Wolfe v. Farmers Cooperative Exchange, Inc., 258 N.C. 176 (1962)

Nov. 21, 1962 · Supreme Court of North Carolina
258 N.C. 176


(Filed 21 November 1962.)

Automobiles § 41m—

The evidence in this case is held sufficient to be submitted to the jury-on the issue of negligence of the driver of a motor vehicle in striking a child upon a highway.

Appeal by defendant from Hall, J., May 1962 Term of JohnstoN.

*177Civil action to recover damages for the wrongful death of a four-year-old child.

The jury found by its verdict that plaintiff’s intestate was fatally injured by the negligence of defendant’s agent, and awarded damages of $10,000.00.

From a judgment on the verdict, defendant appeals.

Robert A. Spence and George B. Mast for defendant appellant.

Levinson <fe Levinson by L. L. Levinson for plaintiff appellee.

Per Curiam.

Defendant assigns as error the denial of its motion for judgment of compulsory nonsuit made 'at the close of all the evidence.

Plaintiff’s evidence, and defendant’s evidence favorable to her, shows these facts:

About noon on 31 May 1960 Phyllis Wolfe, a four-year-old girl, followed her eleven-year-old sister, Patricia Wolfe, from their home across a rural paved road to -a mailbox, where the mail carrier had stopped his automobile. At that point the paved road is 18 feet wide, with six-foot dirt shoulders on each side. The distance from the pavement to the mailbox is seven feet. At this point the road is flat and straight for a quarter of a mile on each side of the mailbox. When the mail carrier’s automobile began pulling away in a direction from Smithfleld, Patricia looked to the right and saw defendant’s truck coming along the road toward Smithfleld about the length of a football field away. Patricia then turned to the left, and saw Phyllis right behind her. She then turned to the right to see where defendant’s truck was, and when she turned again to the left, she_ saw Phyllis with her head down and kicking a pebble, walking slowly across the road. Patricia noticed no change in the speed of defendant’s truck from the first time she saw it: she heard no horn blow. When Phyllis had crossed the white line in the center of the road, the right side of the bumper of defendant’s truck hit her, and in Patricia’s words, “I just saw her flying in the air.” Defendant’s truck went 174 feet from where it struck the little girl before it stopped. When it stopped, Phyllis’ body was about 27 feet from where she was struck and about two feet from the white center line of the road on defendant’s side of the road. In the collision Phyllis sustained, 'among other injuries, a crushed head and a broken neck, which resulted in her immediate death. Defendant’s truck at the time was being driven by its employee, O. F. Barbour, in the scope and course of his employment.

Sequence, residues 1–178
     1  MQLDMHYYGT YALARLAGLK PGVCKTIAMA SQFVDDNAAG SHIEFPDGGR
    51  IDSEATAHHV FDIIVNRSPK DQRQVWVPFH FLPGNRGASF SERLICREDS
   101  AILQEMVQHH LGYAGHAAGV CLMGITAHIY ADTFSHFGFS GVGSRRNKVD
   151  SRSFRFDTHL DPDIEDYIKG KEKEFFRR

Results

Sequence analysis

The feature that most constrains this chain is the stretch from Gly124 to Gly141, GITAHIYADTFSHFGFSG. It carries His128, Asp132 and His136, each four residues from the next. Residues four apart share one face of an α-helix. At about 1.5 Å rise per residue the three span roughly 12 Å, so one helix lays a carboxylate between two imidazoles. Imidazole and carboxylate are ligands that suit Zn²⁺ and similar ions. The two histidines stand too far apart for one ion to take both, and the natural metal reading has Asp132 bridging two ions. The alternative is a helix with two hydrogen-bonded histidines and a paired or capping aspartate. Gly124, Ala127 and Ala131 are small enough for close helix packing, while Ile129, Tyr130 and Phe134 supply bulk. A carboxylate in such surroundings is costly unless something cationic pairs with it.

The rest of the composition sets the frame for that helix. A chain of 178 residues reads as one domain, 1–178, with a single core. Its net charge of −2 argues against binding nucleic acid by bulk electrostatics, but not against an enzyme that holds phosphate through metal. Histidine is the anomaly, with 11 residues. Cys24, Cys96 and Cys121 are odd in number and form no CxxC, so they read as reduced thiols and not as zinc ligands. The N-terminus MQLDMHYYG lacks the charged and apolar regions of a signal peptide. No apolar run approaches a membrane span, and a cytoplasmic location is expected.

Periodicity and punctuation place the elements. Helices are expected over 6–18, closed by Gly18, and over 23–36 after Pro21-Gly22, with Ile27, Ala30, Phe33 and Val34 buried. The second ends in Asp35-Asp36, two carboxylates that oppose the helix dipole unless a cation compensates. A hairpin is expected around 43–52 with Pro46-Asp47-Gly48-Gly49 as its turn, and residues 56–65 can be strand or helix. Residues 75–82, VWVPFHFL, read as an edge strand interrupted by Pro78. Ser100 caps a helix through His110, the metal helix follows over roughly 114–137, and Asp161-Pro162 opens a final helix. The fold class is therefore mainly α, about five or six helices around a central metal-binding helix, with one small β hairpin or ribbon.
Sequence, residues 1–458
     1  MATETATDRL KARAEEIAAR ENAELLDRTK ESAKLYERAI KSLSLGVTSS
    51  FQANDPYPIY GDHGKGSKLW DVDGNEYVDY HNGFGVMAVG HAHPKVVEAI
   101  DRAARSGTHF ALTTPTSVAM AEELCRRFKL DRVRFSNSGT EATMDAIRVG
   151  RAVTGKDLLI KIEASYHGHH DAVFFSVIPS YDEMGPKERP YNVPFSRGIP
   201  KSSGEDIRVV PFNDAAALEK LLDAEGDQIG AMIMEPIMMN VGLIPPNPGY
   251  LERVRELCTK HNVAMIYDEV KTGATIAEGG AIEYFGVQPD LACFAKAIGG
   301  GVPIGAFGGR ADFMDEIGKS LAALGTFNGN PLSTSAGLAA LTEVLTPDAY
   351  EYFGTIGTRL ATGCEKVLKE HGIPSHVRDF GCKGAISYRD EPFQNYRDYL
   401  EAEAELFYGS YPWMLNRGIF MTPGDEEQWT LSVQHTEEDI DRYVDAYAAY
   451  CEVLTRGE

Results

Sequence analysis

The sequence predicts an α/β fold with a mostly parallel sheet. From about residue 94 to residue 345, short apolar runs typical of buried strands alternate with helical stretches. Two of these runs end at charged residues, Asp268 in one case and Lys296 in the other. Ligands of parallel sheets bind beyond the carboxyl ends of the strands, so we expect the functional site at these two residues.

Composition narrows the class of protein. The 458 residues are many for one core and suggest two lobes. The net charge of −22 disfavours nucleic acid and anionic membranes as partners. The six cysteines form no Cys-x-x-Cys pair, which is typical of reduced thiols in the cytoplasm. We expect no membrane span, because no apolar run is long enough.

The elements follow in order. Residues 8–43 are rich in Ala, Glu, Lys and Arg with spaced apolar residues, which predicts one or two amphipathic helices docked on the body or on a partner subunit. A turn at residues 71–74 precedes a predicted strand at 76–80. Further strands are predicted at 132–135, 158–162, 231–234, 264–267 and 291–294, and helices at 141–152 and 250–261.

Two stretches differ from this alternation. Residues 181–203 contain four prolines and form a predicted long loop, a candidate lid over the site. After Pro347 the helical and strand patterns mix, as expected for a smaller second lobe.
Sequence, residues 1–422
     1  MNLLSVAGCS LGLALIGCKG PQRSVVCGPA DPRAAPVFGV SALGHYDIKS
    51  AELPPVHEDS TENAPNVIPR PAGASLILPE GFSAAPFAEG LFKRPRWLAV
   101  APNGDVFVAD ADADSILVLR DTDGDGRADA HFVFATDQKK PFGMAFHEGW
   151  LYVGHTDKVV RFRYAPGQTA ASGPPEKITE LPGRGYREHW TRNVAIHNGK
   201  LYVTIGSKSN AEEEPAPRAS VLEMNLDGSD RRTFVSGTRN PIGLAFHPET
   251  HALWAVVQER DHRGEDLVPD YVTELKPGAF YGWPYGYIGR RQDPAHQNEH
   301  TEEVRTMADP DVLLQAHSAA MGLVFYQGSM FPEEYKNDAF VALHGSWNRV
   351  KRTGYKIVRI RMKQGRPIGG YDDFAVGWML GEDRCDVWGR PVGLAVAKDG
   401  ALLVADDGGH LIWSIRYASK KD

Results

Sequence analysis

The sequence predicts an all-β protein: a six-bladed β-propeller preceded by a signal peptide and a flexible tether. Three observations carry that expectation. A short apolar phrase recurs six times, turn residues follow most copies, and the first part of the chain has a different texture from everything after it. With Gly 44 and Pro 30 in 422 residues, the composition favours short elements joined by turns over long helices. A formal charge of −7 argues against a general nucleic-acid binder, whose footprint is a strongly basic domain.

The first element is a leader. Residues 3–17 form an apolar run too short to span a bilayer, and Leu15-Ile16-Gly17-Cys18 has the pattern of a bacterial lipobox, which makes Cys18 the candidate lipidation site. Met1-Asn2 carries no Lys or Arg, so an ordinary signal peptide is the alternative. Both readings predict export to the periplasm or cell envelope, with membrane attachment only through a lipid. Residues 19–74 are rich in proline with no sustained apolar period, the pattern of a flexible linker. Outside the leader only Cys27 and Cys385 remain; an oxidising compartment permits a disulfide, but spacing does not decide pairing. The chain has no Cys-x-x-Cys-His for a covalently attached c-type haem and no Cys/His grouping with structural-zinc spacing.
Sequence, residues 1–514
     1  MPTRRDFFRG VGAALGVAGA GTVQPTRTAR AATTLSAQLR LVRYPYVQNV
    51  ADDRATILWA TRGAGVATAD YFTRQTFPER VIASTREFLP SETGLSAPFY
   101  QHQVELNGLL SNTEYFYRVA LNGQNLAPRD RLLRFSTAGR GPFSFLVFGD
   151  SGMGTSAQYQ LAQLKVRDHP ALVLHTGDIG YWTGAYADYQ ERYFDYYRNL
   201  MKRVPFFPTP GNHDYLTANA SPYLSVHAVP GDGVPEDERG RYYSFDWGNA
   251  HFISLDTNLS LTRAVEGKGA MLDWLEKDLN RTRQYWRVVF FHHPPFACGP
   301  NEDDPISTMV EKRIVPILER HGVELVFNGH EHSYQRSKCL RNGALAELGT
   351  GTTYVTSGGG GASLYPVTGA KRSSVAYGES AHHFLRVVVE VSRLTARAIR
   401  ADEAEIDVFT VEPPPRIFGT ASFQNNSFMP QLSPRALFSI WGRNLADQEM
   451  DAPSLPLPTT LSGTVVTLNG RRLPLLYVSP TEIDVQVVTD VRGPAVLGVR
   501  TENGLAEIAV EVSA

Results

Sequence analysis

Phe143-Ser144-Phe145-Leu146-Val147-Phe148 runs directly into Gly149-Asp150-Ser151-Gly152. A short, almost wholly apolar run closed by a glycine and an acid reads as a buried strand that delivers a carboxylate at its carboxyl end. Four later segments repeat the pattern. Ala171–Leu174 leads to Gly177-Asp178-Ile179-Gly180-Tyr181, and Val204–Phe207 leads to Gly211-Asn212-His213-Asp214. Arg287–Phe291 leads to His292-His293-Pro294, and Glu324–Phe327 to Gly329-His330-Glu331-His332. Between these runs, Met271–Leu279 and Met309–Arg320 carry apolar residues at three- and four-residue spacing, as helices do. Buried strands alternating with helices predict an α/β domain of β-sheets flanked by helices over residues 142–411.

Defendant’s evidence shows these facts: Its salesman, O. F. Barbour, was driving its truck 40 or 45 miles an hour on his right side of the *178road. He saw no children anywhere. He saw the mail carrier’s automobile stopped by the mailbox. Barbour testified: “Just as I started to pass the tail end of his (the mailman’s) automobile, I glimpsed through my left side glass a view of a child and the cab part of my truck was done by by that time and I put on brakes just as short as I could. I then didn’t see the child until I got stopped and got out of the truck. She was somewhere around 15 or 20 feet from the mailman’s oar. She was lying somewhere around two feet, or something like that, in my lane that I was traveling in. When I first saw the child, she won’t over three feet from the truck, three or four feet at the very outside, and running. The child was running toward the house. She was running right into the side of my truck, the back part of the body.” He did not see Patricia until after Phyllis had been killed, and he went back. He testified on cross-examination: “The child came to rest something about 15 feet from where she was struck.* * *As to explaining how she was thrown any such distance as that by running into the side of my truck rather than being hit by the front of it, as she contends, I say the wheel could have done it.”

In our opinion, the court properly overruled defendant’s motion for judgment of compulsory nonsuit. This is in accord with our decisions in Goss v. Williams, 196 N.C. 213, 145 S.E. 169; Moore v. Powell, 205 N.C. 636, 172 S.E. 327; Kelly v. Hunsucker, 211 N.C. 153, 189 S.E. 664; Butler v. Allen, 233 N.C. 484, 64 S.E. 2d 561; Brunson v. Gainey, 245 N.C. 152, 95 S.E. 2d 514; Cassetta v. Compton, 256 N.C. 71, 123 S.E. 2d 222; Ennis v. Dupree, ante 141, . S.E. 2d.

The two assignments of error to the admission of evidence are overruled, for the reason that no prejudicial error is made to appear sufficient to warrant a new trial. The assignment of error to the charge is broadside, and in addition it is not carried forward and discussed in the brief.

In the trial below we find

No error.